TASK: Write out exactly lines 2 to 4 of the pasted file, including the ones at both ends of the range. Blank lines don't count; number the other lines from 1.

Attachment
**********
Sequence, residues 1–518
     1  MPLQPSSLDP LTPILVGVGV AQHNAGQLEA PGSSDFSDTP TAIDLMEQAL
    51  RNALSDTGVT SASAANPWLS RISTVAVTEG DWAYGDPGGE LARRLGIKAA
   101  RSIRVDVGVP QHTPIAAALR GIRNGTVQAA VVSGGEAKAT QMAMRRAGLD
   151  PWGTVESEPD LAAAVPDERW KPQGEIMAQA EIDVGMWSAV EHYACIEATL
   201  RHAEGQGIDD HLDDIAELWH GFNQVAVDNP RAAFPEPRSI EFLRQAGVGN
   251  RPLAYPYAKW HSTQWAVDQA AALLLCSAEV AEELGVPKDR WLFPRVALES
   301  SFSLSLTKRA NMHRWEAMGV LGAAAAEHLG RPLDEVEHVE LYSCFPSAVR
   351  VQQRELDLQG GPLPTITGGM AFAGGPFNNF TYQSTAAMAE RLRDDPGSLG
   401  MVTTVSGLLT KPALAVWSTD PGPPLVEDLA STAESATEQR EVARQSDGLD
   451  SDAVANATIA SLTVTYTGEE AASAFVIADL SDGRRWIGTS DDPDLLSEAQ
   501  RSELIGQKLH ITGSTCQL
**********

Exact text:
     1  MPLQPSSLDP LTPILVGVGV AQHNAGQLEA PGSSDFSDTP TAIDLMEQAL
    51  RNALSDTGVT SASAANPWLS RISTVAVTEG DWAYGDPGGE LARRLGIKAA
   101  RSIRVDVGVP QHTPIAAALR GIRNGTVQAA VVSGGEAKAT QMAMRRAGLD